Aero-engined racing cars at Brooklands

Aero-engined Racing Cars at Brooklands, by Bill Boddy. GT Foulis & Co (Haynes Publishing Group plc). 160pp, £20.00.

In those glorious motoring years between the two world wars, the ‘right crowd’ thrilled to the exploits of racing drivers round the Brooklands saucer. And few quite captured the public imagination as those who drove the behemoths powered by engines originally intended for aircraft. The fastest racing cars of their time, they steadily upped the lap record to the 143.44mph at which John Cobb finally left it. As I computed for our October 1992 feature on the quiet record breaker, that would be the equivalent today of a 276mph lap at Indianapolis.

Clearly these were seriously quick projectiles for all their bulk. Filling a gap in motoring history, our founder editor Bill Boddy has produced a fine book detailing the aero-engined racing cars that ran at the Weybridge track. Few writers could be so well qualified to produce this work, for WB was there at the time, and has since spoken with most of the characters concerned with the cars.

Accordingly, this history delves deeply into the past, exploding a few myths here and there, pointing the way to fresh research opportunities.

Ernest Eldridge was the last man to set the Land Speed Record on a public road, when he took his gargantuan Fiat Mephistopheles to the narrow strip at Arpajon in France and averaged a bold 146.01 mph. He did not do so without falling foul of the regulations first, however, and an initial clocking of 146.8 was subsequently disallowed when previous holder Rene Thomas sportingly pointed out that the black car did not possess a reverse gear. It has generally been accepted that Eldridge rigged up a reverse by crossing the driving chains, but Boddy probes deeper and comes up with fresh solutions. It’s worth £20 of your money just to discover what they are ..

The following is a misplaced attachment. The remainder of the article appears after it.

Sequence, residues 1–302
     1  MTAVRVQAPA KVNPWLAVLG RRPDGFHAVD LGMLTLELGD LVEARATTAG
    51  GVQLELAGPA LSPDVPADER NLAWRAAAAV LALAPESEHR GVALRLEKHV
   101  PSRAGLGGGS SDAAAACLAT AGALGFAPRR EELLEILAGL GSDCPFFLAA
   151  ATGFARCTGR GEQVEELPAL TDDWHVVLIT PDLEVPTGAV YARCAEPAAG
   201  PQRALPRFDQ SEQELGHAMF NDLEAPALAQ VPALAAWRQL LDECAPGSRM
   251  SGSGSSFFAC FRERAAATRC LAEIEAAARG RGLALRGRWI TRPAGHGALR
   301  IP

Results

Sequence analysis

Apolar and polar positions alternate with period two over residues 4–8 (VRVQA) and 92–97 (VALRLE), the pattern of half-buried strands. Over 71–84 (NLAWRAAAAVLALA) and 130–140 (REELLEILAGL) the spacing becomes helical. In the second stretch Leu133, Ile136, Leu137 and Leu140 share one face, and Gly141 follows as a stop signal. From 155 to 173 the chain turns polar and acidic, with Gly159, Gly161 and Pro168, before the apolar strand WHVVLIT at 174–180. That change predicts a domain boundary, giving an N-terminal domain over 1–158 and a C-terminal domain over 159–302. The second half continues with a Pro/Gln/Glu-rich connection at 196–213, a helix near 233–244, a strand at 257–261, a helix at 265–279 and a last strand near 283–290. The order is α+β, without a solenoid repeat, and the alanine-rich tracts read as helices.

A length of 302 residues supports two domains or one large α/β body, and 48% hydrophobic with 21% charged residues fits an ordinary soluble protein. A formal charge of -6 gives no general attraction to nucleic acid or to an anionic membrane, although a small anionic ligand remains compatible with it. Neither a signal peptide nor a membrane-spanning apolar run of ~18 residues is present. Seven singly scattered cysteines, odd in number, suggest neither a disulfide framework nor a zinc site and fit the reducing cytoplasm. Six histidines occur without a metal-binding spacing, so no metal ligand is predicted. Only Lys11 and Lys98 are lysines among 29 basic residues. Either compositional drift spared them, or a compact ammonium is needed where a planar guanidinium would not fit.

Speak of WB and of course Parry Thomas’ Babs springs instantly to mind. Sure enough, the ill-fated record car is also covered, in a selection ranging from the 1913 Sunbeam V12 (an excellent colour painting of which by Terence Cuneo graces the front cover) through to the Napier Railton via other gems such as the Chitty-Bang-Bangs and the Wolseley Viper. A final chapter wraps up those other aero-engined machines, including lsr giants such as Sir Malcolm Campbell’s Bluebirds and Cobb’s Railton Special, which appeared but never actually raced.

The erudite text is backed by some wonderful monochrome photographs to produce an excellent book well worth the modest cover price.